WTVY  | Dothan, AL  | Politics, News

Florida Facing $2 Billion Budget Shortfall

Ring one up for Florida's economy. After a tough recession, people are finally spending more.

Nearly $70 million more than economists expected, but in the grand scheme, it may not be nearly enough to avoid another round of painful cuts.

"I wouldn't expect that it's going to help the legislature in terms of having a lot of new money to ease the situation," said state economist Amy Baker.

A situation involving what we now know will be a $2 billion budget deficit.

Governor Scott's asking the legislature to tackle it by cutting the Medicaid program for the second year in a row.

"They're lost."

Carl Galloway's come to Tallahassee all the way from Maitland to plead with lawmakers not just to avoid any further cuts, but to restore the funding they've already eliminated.

His son, C.H., is suffering from nonverbal autism, and without Medicaid coverage Carl says there's no way he'd be able to afford the therapy C.H. needs.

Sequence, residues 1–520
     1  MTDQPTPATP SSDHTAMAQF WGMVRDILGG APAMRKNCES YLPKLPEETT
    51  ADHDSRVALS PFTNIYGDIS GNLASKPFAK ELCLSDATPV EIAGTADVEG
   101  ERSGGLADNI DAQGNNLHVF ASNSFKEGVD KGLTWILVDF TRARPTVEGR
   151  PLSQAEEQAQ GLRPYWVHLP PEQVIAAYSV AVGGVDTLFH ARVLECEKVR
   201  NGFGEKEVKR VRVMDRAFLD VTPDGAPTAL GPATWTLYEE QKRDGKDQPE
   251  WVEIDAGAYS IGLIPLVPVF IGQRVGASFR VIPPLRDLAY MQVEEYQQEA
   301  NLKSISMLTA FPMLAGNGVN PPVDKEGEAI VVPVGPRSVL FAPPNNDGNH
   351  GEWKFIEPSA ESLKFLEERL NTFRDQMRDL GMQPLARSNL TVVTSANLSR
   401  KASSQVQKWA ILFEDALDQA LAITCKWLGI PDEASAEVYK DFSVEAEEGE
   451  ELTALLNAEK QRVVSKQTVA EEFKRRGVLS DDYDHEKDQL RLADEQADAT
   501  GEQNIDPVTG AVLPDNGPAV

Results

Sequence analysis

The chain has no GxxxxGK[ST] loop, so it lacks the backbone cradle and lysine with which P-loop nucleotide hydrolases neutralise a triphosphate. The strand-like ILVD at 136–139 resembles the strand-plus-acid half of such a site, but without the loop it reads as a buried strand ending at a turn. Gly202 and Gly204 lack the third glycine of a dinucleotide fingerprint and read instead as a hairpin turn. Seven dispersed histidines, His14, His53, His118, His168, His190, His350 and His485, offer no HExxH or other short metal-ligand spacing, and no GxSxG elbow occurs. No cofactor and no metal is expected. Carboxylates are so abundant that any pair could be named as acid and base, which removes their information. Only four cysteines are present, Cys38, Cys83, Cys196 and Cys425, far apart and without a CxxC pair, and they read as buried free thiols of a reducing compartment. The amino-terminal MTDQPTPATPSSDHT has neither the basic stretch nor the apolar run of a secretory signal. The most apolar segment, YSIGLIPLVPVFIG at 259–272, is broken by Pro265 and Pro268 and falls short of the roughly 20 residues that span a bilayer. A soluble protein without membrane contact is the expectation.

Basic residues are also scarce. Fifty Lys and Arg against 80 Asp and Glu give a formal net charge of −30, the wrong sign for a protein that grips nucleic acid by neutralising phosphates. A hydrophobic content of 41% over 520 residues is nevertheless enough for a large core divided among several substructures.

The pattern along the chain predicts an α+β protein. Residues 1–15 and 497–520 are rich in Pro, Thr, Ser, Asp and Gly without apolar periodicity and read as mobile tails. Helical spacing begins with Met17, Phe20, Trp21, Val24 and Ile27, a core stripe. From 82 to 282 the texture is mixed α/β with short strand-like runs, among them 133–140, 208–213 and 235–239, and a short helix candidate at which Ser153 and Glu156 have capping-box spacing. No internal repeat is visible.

"We may have to sell everything we have and also be able to try to get funding in more ways than we ever thought possible."

Democrats say there's a way to help people like Carl - raise taxes. But the Capitol's firmly in the hands of republicans who are taking tax hikes off the table.

"It's going to be tough in this tough financial time, and if we don't look at any additional revenue sources, it's going to require cuts, and so, that's going to be the tough part of our session," said Sen. Thad Altman, R-Melbourne.

A session bound to bring some difficult choices and a repeat visit by Carl.

"We're in a mine field. You don't run. You walk slowly, and you take it one step at a time."

Now that the final numbers are out, appropriations committees in the Senate plan to begin finding areas to cut the week of January 23. There had been talk of going into overtime to tackle the budget, but lawmakers are now more confident they can wrap up on time.

Scott also wants lawmakers to boost public school funding by a billion dollars. To do that, lawmakers would have to slash even more.


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